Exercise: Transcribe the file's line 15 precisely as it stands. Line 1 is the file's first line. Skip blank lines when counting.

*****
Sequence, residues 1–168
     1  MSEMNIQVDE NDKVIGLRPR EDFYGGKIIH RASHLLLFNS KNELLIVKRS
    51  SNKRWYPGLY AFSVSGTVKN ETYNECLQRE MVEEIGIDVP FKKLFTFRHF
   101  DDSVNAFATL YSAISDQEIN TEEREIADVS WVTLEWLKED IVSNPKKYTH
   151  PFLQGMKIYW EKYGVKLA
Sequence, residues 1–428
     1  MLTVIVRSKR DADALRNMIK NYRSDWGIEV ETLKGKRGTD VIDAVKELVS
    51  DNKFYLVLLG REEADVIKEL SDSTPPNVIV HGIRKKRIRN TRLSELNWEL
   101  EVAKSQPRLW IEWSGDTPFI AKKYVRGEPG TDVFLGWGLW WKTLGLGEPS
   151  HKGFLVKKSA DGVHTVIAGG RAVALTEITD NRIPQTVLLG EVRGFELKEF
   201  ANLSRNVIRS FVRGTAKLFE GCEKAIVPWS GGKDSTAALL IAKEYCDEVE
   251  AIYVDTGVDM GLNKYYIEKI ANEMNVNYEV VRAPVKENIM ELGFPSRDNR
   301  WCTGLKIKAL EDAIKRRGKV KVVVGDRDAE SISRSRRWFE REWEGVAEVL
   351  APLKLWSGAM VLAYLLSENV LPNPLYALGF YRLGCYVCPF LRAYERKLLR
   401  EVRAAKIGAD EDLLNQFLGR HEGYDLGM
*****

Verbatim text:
   401  EVRAAKIGAD EDLLNQFLGR HEGYDLGM